“So, what are your plans once your graduate?”
That is a question every college student is all too familiar with. There are so many emotions tethered within those eight little words, that it can often seem overwhelming. There is so much talk about getting a job, and working for an employer, which is great and much needed (don’t get me wrong), but what about being self-employed?
Granted, I am utterly biased in this department being I have been self-employed since I was 12 (no joke), but gosh I would love to see students empowered to create businesses of their own if that is something they desire. The entrepreneurship path is certainly not for everyone, but it is worth looking at closely, so scoot up your chair, grab a cup of coffee, and let us chat this out. I am a firm believer that sometimes all it takes is for someone to say,
“Yes, you can do this.”
To change everything.
I think Jenna Kutcher‘s blog about the Ten Things No One Tells You About Working for Yourself, is a good place to start in analyzing if your personality type is cut out for this kind of a career. There is so much truth to what she has to say, so I copied three of my favorite points she had to make, but if you have the time, you should definitely pay her blog a little visit.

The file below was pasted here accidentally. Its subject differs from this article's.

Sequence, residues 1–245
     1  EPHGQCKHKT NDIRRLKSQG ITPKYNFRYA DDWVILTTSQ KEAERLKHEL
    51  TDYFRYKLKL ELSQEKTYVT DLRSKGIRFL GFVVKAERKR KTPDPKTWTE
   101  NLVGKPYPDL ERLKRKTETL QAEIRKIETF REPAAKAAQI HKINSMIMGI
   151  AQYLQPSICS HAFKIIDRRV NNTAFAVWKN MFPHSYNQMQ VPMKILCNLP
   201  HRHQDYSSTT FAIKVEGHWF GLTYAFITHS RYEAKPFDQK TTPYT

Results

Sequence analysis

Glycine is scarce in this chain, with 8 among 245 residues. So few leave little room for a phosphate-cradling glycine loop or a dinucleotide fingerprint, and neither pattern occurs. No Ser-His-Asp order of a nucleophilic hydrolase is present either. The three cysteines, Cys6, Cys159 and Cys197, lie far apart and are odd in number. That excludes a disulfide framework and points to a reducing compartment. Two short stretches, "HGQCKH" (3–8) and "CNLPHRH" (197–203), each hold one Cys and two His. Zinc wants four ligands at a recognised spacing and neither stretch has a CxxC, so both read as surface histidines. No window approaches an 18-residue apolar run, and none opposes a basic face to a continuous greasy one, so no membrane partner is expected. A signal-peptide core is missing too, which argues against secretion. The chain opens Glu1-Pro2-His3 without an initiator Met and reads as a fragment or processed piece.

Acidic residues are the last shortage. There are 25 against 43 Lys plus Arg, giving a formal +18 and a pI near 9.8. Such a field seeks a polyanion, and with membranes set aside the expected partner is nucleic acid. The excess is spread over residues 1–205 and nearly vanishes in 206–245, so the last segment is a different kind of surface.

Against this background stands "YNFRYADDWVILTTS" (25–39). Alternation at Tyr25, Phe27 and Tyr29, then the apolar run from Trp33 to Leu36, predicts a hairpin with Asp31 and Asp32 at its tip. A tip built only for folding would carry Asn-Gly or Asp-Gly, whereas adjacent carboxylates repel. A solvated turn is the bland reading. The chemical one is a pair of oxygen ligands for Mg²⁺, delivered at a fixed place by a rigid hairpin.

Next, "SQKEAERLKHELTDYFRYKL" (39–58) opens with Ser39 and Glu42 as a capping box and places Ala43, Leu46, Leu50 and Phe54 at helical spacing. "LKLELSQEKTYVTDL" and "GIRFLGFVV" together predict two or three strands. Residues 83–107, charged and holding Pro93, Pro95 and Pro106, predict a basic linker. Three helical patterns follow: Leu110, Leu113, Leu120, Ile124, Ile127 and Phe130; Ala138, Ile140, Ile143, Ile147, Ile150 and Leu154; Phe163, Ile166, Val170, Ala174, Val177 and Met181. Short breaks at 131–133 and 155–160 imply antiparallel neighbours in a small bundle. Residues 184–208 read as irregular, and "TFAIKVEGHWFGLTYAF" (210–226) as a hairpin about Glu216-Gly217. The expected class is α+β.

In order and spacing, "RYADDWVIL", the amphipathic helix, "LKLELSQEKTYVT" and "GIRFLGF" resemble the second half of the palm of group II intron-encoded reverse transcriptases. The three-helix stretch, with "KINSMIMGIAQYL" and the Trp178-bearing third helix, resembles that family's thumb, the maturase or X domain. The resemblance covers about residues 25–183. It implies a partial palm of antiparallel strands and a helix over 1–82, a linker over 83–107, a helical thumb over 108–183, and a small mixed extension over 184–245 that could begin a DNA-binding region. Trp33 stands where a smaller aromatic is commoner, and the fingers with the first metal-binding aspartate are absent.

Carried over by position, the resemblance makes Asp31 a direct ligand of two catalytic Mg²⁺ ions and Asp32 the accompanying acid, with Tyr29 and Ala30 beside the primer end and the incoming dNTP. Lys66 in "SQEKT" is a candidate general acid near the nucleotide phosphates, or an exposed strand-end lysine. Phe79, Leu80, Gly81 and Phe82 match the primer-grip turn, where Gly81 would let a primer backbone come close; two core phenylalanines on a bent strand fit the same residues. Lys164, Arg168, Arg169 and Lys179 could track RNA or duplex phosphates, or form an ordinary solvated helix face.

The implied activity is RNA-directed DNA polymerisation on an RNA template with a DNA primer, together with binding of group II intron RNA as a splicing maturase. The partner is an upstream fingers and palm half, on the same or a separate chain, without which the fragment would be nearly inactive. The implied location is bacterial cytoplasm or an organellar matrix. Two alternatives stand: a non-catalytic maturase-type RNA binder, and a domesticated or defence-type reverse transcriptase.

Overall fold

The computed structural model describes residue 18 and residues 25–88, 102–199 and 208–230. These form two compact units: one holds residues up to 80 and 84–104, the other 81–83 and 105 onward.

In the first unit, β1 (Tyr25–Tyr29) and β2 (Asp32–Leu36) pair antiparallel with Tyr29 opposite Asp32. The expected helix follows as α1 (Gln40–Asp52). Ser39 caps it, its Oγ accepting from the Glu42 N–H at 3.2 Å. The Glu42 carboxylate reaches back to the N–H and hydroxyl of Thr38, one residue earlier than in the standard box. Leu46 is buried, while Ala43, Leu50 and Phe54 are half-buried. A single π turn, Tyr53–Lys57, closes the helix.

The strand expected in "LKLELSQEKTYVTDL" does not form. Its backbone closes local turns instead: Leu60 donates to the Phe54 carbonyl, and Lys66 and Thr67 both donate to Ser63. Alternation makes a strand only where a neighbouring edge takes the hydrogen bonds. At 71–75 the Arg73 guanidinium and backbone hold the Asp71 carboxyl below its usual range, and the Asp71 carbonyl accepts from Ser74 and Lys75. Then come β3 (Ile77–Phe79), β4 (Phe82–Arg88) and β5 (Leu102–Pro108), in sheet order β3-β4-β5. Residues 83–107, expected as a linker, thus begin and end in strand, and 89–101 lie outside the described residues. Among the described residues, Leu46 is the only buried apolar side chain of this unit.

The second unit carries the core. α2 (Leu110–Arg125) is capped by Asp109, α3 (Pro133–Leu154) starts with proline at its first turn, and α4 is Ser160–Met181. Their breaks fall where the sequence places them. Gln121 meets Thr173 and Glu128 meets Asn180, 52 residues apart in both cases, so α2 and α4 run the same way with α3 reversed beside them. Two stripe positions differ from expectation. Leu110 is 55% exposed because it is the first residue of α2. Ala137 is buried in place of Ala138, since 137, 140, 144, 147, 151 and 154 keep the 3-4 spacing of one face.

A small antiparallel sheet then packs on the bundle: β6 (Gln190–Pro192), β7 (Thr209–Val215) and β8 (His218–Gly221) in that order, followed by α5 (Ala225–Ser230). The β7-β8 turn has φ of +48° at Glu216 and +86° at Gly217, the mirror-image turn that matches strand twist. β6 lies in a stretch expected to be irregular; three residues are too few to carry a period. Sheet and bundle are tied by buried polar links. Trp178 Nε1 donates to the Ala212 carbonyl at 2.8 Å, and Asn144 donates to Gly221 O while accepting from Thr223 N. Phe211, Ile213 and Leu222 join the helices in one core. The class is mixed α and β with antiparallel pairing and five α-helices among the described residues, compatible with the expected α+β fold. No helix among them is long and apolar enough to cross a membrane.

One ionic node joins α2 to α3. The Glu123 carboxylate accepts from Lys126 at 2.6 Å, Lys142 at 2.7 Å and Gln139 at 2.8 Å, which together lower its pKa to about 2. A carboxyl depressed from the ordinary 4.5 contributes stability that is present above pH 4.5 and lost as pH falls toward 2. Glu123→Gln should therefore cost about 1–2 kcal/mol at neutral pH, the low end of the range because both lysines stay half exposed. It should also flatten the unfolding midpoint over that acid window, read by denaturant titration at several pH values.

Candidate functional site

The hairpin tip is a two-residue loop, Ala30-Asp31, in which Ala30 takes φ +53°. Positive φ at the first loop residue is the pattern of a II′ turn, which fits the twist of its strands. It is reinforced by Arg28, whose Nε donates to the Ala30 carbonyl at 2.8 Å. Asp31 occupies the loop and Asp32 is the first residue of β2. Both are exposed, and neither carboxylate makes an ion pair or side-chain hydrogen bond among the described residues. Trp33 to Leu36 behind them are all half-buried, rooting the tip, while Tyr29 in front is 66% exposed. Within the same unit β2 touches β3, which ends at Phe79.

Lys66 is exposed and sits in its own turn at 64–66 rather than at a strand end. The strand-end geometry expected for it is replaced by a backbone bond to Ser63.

- Life will feel like one big date from match.com. Suddenly you have no work friends, no reason to put on real pants, and you begin to question who the hell are your friends or if you even have any. Welcome to the phase of life where every interaction feels like an awkward set up from eharmony. Don’t say I didn’t warn you but I encourage you to nail down friendships before making this leap so you don’t keep talking to oranges (refer back to #1.)
- You quit that 9-5 job so that you could work less, be with friends more, and chase those dreams, right? Well, get ready to work from 7-9… wait, that’s 14 hours, yup. Us entrepreneurs, we have an extra chromosome of hustle in us that forces us to become workaholics. The best part is that you’ll likely rather work 80 hours for yourself than 40 for someone else but now is your chance to mentally prepare.
- You’ll want to quit (more than once.) Somewhere along the way you will question everything: the house, the job, the career change, the dreams. You will lay in a pile of tears all alone in your yoga pants and think that you can’t possibly go on. You will daydream of working at Walmart and how little responsibility you will have until you come to and remember that you are doing what you love.
In a nutshell, working for yourself feels like a series of really awkward dates, sleepless nights, and tears, but at the end of the day, it is worth every second when you get to do what you love.
Sweet college student friends of mine, have you ever contemplated working for yourself once you graduate? Are you working on building a business now, or have a hope of starting one in the future? Or maybe entrepreneurship is not your cup of tea? Talk to me!